• 11. The National Legal Services Authority (NALSA) has been constituted under the Legal Services Authorities Act, 1987 to provide free Legal Services to the weaker sections of the society and to organize Lok Adalats for amicable settlement of disputes. In 1987, the Legal Services Authorities Act was enacted by the Parliament which came into force on 9th November, 1995 with an object to establish a nationwide uniform network for providing free and competent legal services to the weaker sections of the society on the basis of equal opportunity. The National Legal Services Authority (NALSA) has been constituted under the Legal Services Authorities Act, 1987 to monitor and evaluate implementation of legal services available under the Act. The Act empowers the State to establish a Four Tier System of providing speedy and informal justice at the National, State, District and Taluk Levels.
  • 12. The Legal Services Authorities Act, 1987 The Act prescribes the criteria for giving legal services to the eligible persons. It makes a person eligible for assistance under the act if he is -  a member of a Scheduled Caste or Scheduled Tribe;  a victim of trafficking in human beings or begar as referred to in Article 23 of the Constitution;  a woman or a child;  a mentally ill or otherwise disabled person;
  • 13. CONTINUED.. a person under circumstances of undeserved want such as being a victim of a mass disaster, ethnic violence, caste atrocity, flood, drought, earthquake or industrial disaster; or an industrial workman; or  in custody, including custody in a protective home or in a juvenile home  of in a psychiatric hospital or psychiatric nursing home within the meaning of clause (g) of section 2 of the Mental Health Act, 1987; or (i) A person whose annual income less than rupees fifty thousand or such other higher amount as may be prescribed by the State Government
  • 14. Free Legal Aid In India : The Positive Contribution Of Judiciary Hussainara Khatoon V Home secretary, state of bihar The petitioner brought to the notice of Supreme Court that most of the under trails have already undergone the punishment much more than what they would have got had they been convicted without any delay. The delay was caused due to inability of the persons involved to engage a legal counsel to defend them in the court and the main reason behind their inability was their poverty. Thus, in this case the court pointed out that Article 39-A emphasized that free legal service was an inalienable element of reasonable, fair and just‘ procedure and that the right to free legal services was implicit in the guarantee of Article 21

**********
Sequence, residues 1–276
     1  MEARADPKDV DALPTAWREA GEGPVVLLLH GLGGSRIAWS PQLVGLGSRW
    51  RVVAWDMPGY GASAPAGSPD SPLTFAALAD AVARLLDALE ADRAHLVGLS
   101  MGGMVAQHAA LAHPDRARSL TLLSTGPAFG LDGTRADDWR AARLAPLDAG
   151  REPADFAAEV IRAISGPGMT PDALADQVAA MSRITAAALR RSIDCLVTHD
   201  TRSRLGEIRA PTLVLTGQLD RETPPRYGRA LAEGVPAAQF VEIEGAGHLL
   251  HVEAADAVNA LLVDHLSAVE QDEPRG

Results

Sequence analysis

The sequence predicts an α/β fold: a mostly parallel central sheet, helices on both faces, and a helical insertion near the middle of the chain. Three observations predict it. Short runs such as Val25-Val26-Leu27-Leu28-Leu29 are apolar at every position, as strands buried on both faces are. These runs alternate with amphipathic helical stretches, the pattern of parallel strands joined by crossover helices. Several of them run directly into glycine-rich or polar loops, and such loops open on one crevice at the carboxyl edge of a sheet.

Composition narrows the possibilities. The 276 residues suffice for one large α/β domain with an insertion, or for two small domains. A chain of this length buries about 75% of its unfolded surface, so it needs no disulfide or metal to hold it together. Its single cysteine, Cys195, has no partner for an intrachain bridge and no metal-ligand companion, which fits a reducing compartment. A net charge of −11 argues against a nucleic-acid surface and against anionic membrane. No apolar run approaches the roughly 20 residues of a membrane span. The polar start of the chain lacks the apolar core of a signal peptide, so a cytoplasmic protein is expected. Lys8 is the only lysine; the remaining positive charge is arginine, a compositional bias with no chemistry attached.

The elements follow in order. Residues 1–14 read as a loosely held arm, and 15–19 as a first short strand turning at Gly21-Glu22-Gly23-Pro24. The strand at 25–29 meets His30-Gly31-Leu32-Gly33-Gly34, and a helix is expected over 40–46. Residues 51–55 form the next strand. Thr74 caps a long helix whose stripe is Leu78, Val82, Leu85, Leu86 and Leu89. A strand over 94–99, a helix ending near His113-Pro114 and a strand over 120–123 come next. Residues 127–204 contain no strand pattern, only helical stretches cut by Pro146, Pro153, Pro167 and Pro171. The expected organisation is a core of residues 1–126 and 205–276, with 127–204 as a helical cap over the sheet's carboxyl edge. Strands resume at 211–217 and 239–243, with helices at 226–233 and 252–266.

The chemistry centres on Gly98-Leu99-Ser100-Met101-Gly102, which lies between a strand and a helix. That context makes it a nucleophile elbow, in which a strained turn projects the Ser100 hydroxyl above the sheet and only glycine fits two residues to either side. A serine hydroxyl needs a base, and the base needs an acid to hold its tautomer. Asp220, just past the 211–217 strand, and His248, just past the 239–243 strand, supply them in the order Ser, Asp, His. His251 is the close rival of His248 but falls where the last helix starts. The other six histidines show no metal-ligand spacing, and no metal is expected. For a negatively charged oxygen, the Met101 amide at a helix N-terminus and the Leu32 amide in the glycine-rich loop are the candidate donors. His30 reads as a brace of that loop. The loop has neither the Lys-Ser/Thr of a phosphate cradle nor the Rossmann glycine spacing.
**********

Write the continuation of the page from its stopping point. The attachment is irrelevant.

• 15. Khatri v. State of Bihar The right to free legal services is an essential ingredient of reasonable, fair and just procedure for a person accused of an offence and it must be held implicit in the guarantee of Article 21 and the State is under a constitutional mandate to provide a lawyer to an accused person if the circumstances of the case and the needs of justice so require…The State cannot avoid this obligation by pleading financial or administrative inability or that none of the aggrieved prisoners asked for any legal aid.  In, State of Haryana v. Darshana Devi, the Court said that: "the poor shall not be priced out of the justice market by insistence on court-fee and refusal to apply the exemptive provisions of order XXXIII, CPC.
  • 16. A case of Juveniles Justice Bhagwati while delivering the judgment in the case of Kara Aphasia v. State of Bihar, where the petitioners were young boys of 12-13 years when arrested, and were still languishing in jail for over 8 years. They also alleged to have been kept in leg irons and forced to do work outside the jail, directed that the petitioners must be provided legal representation by a fairly competent lawyer at the cost of the State, since legal aid in a criminal case is a fundamental right implicit in Article 21. 16